In an effort to increase the understanding of entrepreneurship and business education in the Arab world, the Coca-Cola Co. and the US State Department are sponsoring 100 college students from across the Middle East and North Africa to study in a unique program at Indiana University's Kelley School of Business.

Inside a child's mind -- Research findings from Psychological Science
Developmental psychology researchers have long known that children aren't simply mini-adults -- their minds and brains work in fundamentally different ways.

New brain target for appetite control identified
Researchers at Columbia University Medical Center have identified a brain receptor that appears to play a central role in regulating appetite.

Pre-existing mutations can lead to drug resistance in HIV virus
In a critical step that may lead to more effective HIV treatments, Harvard scientists have found pre-existing mutations in a small number of HIV patients.

Parasitic plants 'steal' genes from their hosts
New research published today in BioMed Central's open access journal BMC Genomics reveals that the Malaysian parasitic plant Rafflesia cantleyi, with its 50cm diameter flowers, has 'stolen' genes from its host Tetrastigma rafflesiae.

Doubling down on heart failure: Researchers discover new route to disease, and drugs to match
Researchers identified a completely new pathway activated by adrenaline - the hormone that regulates rate and strength of the heart - that contributes to heart failure.

Finding ways to feed pigs for less
Results of a preliminary experiment conducted at the University of Illinois indicate that it may be possible to select pigs that can make efficient use of energy in less expensive feed ingredients, thus reducing diet costs.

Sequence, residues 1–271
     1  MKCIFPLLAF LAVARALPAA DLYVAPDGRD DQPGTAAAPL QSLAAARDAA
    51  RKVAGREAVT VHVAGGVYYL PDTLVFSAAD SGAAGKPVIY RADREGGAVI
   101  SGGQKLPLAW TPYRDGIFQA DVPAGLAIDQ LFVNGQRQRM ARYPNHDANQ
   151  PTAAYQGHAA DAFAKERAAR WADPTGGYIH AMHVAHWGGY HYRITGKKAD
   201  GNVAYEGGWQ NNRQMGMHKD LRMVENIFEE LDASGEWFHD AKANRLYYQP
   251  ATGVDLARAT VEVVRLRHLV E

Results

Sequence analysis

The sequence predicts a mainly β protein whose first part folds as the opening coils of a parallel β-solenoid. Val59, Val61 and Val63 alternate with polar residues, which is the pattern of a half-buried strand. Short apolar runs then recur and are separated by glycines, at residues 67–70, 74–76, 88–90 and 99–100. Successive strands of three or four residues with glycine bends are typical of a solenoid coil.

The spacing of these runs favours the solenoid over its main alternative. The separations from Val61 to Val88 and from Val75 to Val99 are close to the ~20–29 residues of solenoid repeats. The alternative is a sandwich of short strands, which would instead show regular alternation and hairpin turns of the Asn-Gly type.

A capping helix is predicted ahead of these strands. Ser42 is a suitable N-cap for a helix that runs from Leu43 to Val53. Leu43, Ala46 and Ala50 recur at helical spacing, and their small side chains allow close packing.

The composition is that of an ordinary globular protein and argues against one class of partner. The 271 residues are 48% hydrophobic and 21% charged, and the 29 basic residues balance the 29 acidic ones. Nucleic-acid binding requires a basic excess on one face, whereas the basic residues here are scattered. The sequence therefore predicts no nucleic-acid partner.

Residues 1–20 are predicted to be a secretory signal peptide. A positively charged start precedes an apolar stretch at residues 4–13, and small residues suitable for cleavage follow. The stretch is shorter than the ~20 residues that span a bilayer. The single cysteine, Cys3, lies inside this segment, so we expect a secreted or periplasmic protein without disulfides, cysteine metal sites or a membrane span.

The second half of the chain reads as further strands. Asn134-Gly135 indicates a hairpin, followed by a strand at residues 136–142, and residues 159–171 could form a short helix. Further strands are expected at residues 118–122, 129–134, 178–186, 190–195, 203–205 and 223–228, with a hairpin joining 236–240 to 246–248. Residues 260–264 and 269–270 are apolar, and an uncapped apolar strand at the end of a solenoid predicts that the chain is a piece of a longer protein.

Gladstone scientists reprogram skin cells into brain cells
Scientists at the Gladstone Institutes have for the first time transformed skin cells -- with a single genetic factor -- into cells that develop on their own into an interconnected, functional network of brain cells.

Pediatric kidney expert receives Young Investigator Award from American Transplant Congress
Rebecca Ruebner, M.D., who cares for patients with kidney disorders at the Children's Hospital of Philadelphia, received a Young Investigator Award of the American Transplant Congress at its national meeting this week in Boston.

HIV superinfection in Uganda may be more common than previously thought, study finds
HIV superinfection, when a person with HIV could acquire a second, new strain of HIV, may occur as often as initial HIV infection in the general population in Uganda, a study suggests.

Should spinal manipulation for neck pain be abandoned?
The effectiveness of spinal manipulation divides medical opinion. On bmj.com today, experts debate whether spinal manipulation for neck pain should be abandoned.

Alzheimer's vaccine trial a success
A study led by Karolinska Institutet in Sweden reports for the first time the positive effects of an active vaccine against Alzheimer's disease.

NSF report detailing growth in graduate enrollment in science & engineering in the past decade
A recent report released by the National Science Foundation found that graduate enrollment in science and engineering grew substantially in the past decade.

Groundbreaking science at new NIST-funded complex at Univ. of Miami's Rosenstiel School
UM will be breaking ground on a new complex funded in part through a $15 million NIST ARRA grant.

What does it mean to be cool? It may not be what you think
Do rebelliousness, emotional control, toughness and thrill-seeking still make up the essence of coolness?

Highly contagious honey bee virus transmitted by mites
Researchers in Hawaii and the UK report that the parasitic 'Varroa' mite has caused the Deformed Wing Virus to proliferate in honey bee colonies.